Democrat says US-India nuclear agreement breaks law Bush signed
A Democratic Congressman who has longed opposed greater US-India cooperation on nuclear energy technologies said a new agreement between the countries breaks a law signed by President George W. Bush at the end of 2006.
"If the US-India agreement is really consistent with the letter and spirit of the Hyde Act, as the administration claims, why won’t they release the text?" Rep. Ed Markey (D-MA) asked in a statement released his office late on Friday.
President Bush signed the United States-India Peaceful Atomic Energy Cooperation Promotion Act in December. The bill was honorarily named after Rep. Henry Hyde (R-IL), who chaired the Committee on International Relations when it was concluded. The bill put a series of restrictions on concessions that the US was allowed to make to India in order to secure its cooperation with international safeguards on nuclear fuel supplies.
Markey went on to say that the Bush administration had something to hide.
"If they’re afraid of letting us read the document, then I can only surmise that it includes provisions they fear will raise the hackles of Congress," he added. "They’re turning the Hyde Act into the hide-and-go-seek act, but no level of diplomatic double-speak will stop Congress from investigating why India is claiming such enormous concessions."
The White House announced that it had concluded an agreement with India on nuclear fuel supplies in a brief statement Friday morning. Bush appeared mindful of clearing additional Congressional hurdles to the finalization of the agreement.
"I welcome the conclusion of negotiations on a bilateral agreement between the United States and India for peaceful nuclear cooperation," President George W. Bush said. "I commend those from both countries who have worked hard to make this deal happen, and I look forward to working with Congress to realize this important initiative."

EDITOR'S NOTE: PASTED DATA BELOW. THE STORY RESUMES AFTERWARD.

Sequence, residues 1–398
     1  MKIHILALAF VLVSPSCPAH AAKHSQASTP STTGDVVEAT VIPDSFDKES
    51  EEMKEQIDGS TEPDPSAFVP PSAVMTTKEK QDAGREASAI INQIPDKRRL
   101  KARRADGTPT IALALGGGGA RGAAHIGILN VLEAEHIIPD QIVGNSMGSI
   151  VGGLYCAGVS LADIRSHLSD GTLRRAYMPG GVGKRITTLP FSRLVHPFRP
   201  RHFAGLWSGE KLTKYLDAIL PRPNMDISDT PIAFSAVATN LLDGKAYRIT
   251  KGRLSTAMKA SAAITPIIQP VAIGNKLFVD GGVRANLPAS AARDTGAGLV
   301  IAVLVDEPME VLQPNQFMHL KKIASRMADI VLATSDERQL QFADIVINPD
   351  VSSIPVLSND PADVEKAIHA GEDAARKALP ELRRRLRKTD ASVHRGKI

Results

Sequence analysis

Critics of the US-India nuclear cooperation agreement warn that it promotes the proliferation of nuclear weapons because it allows India, which has refused to sign the Nuclear Non-Proliferation Treaty, to gain nuclear fuel. Currently, all states except China, Russia, the United Kingdom, France, and the US must forswear nuclear weapons to access civilian nuclear technology. India, Pakistan, and Israel are the only three states that have refused to sign the treaty. North Korea withdrew from the treaty in 2005.
Nicholas Burns, Under Secretary of State for Political Affairs, defended the agreement's contribution to promoting nonproliferation in a Friday press conference.
"This deal now brings India, soon to be the world's largest country, back into the nonproliferation mainstream in a way it was not before," Burns argued.
But he seemed to admit that the agreement granted considerable flexibility to both the US and India.
"When you write an agreement the way we have, and when you have legions of lawyers on both sides of the table, you also build in protection -- both sides do -- to meet your legal obligations," he stated.
The Washington Times took another interpretation of the text of the agreement, suggesting that it was vague.
"The most recent agreement between Washington and New Delhi, negotiated last week, was deliberately written in a way that can be interpreted differently by the two sides, said congressional officials who were briefed by State Department officials but did not see a copy of the text," Nicholas Kralev reported on Friday.
Contrasting statements seemed to bear our Kralev's reporting. Burns argued that if India were to test a nuclear weapon again, the US could demand the return of nuclear fuel it had supplied to India's civilian energy sector.
"If there is ever any reason for the United States to have to invoke the right of return, we could certainly do so," he said.
But according to India's Economic Times, the country's leaders claimed it was not bound by any restrictions regarding nuclear testing.
National Security Adviser M. K. Narayanan said that the compromise "managed to resolve the issue of nuclear testing by allowing India to retain its voluntary moratorium and by avoiding any reference to testing or detention in the text of the agreement."
Markey was critical of the apparent vagueness of the agreement. He sent a letter with 23 additional Congressmembers on Wednesday warning that the agreement would not be supported by Congress if it was not consistent with the Hyde Act.
And he suggested that the Bush administration might have broken the law.
"Of course the Administration will argue that they aren’t breaking the law, but I think that folks up on the Hill have become increasingly skeptical of the Administration’s legal arguments," Markey noted in his Friday statement.
In December, RAW STORY reported on a 'presidential signing statement' issued by President Bush after he signed the Hyde Act into law. In the statement, Bush repudiated several key provisions of the bill, stating that he considered them advisory.